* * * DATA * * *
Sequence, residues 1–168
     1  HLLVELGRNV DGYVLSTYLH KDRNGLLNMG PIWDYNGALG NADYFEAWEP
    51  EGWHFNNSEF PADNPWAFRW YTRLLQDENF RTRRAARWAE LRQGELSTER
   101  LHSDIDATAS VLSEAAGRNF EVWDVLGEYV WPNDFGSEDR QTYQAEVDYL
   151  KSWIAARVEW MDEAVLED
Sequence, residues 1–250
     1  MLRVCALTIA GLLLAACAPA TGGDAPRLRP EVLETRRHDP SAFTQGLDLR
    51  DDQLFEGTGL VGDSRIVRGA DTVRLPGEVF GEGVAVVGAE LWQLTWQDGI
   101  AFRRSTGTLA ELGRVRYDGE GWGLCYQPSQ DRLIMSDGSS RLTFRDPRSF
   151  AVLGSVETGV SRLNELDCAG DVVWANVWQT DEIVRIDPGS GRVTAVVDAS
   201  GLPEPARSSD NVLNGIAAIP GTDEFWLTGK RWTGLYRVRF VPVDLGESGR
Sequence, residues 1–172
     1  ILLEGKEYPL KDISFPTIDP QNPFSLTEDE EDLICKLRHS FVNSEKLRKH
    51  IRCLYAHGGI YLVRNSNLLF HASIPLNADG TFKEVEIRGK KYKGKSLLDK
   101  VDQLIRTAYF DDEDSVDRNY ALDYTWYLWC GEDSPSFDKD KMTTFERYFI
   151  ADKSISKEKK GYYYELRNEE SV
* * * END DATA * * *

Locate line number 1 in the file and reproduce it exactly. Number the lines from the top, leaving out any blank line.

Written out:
Sequence, residues 1–168